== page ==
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Re: Synapsids weren't reptiles?



Whoa, first of all.

Reptiles did not evolve from amphibians? You telling me that fish just one day independently grew lungs and legs, climbed out and started walking around?

Second. What did the actual ancestor of reptiles and synapsids look like. Not, what did his skull look like. What did he look like? And please don't tell me he had fins - especially since he as a tetrapod.

What was he anyhow, if he wasn't a reptile, adn wasn't an amphibian? A fish? \

You seem to be saying there were land bound tetrapods who were neither amphibians nor reptiles - what were they?

Yours,
Dora Smith
Austin, TX
tiggernut24@yahoo.com
----- Original Message ----- From: "T. Michael Keesey" <keesey@gmail.com>
To: "Dinosaur Mailing List" <dinosaur@usc.edu>
Sent: Sunday, June 29, 2008 11:21 PM
Subject: Re: Synapsids weren't reptiles?



On Sun, Jun 29, 2008 at 8:47 PM, Dora Smith <villandra@austin.rr.com> wrote:
I am looking at an article in the March 2008 issue of New Scientist. It's
a discussion about missing links or something; I seem to be missing the
first page.


It says that synapsids "were once" called mammal-like reptiles, bot no more,
"because synapsids are not reptiles -- the two groups evolved in parallel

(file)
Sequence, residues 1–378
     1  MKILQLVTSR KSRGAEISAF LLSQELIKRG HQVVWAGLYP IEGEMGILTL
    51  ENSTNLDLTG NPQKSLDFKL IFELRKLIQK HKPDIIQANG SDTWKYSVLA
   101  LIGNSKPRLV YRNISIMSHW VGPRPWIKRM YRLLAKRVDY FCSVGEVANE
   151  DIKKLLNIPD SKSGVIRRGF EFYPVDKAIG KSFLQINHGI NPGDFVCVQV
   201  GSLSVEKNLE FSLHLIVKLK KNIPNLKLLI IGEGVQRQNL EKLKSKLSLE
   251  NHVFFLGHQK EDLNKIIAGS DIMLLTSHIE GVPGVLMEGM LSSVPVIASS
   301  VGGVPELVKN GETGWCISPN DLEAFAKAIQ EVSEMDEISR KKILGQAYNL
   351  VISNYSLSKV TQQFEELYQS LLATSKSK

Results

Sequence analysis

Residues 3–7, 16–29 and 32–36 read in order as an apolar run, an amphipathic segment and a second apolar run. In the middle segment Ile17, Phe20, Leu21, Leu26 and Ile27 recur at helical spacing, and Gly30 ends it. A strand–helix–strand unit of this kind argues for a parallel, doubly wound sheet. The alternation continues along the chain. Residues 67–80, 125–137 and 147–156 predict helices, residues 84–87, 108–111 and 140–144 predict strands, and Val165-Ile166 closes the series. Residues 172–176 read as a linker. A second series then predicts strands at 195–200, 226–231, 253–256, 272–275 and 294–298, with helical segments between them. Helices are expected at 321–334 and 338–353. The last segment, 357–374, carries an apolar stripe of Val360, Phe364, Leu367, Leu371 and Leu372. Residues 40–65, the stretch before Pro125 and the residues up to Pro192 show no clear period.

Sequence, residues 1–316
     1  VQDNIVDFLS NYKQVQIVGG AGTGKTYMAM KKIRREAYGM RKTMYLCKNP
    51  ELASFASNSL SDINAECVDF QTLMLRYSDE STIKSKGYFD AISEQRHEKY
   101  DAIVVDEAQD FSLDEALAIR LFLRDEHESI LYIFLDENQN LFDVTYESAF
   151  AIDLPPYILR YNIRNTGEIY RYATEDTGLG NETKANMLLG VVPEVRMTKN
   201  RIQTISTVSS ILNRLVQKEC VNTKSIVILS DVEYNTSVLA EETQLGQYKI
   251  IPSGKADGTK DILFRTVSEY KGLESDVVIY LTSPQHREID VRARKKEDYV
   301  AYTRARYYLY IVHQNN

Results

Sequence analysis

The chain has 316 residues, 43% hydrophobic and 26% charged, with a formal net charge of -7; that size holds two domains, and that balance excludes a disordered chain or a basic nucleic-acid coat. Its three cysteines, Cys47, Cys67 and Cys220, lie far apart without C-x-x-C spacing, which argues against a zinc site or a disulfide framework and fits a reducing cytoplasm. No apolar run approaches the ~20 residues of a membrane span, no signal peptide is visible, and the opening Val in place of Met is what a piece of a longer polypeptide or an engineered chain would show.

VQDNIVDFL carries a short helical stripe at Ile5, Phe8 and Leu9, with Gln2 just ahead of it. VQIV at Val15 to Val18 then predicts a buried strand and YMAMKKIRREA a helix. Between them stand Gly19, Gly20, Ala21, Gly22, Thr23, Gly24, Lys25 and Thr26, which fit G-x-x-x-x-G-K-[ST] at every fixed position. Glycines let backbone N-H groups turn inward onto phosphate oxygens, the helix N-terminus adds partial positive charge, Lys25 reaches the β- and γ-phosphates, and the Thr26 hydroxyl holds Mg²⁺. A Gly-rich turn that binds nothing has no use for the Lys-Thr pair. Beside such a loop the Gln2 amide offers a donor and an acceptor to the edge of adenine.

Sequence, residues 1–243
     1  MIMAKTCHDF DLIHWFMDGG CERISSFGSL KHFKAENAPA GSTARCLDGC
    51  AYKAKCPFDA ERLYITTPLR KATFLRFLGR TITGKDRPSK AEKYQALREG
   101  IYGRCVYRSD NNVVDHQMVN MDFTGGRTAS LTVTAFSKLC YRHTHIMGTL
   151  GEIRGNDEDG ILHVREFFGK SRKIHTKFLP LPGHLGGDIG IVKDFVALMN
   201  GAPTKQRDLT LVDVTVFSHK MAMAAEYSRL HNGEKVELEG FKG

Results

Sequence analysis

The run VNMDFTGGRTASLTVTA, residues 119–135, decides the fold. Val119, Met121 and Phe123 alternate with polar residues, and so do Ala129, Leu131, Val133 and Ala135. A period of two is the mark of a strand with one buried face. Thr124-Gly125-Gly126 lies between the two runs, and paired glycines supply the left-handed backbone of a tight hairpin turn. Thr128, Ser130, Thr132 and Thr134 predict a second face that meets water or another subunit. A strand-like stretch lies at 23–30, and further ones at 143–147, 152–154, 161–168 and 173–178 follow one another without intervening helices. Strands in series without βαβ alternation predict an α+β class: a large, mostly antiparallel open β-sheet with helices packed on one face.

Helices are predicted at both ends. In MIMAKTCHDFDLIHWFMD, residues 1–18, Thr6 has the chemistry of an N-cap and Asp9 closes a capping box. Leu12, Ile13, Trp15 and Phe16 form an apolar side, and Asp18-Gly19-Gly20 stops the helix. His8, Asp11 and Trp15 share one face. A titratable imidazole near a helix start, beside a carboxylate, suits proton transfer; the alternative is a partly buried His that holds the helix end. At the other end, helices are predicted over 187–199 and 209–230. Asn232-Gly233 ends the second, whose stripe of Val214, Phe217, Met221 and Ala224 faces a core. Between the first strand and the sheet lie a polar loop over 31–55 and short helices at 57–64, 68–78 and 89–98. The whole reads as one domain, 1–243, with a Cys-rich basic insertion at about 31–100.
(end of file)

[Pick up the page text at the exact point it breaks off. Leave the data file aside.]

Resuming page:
from a common ancestor".


What was the common ancestor - an amphibian?

No, an amniote. The first amniote, which was neither synapsid nor sauropsid, but was immediately ancestral to synapsids and sauropsids. (The authors are probably using "reptile" to refer to some group within _Sauropsida_, although arguably the term "reptile" should just be abandoned.)

"Synapsida" is generally used to refer to the mammalian total group
nowadays (i.e., everything sharing closer ancestry with mammals than
with any extant non-mammal). Other names for this group are
"Theropsida" and "pan-Mammalia".

A preferable term for the paraphyletic group that used to be termed
"synapsids", "mammal-like reptiles", etc. is "stem-mammals" (i.e., the
mammalian stem group: the total group minus the crown group).
--
T. Michael Keesey
Director of Technology
Exopolis, Inc.
2894 Rowena Avenue Ste. B
Los Angeles, California 90039
http://exopolis.com/
--
http://3lbmonkeybrain.blogspot.com/
http://dragabok.blogspot.com/


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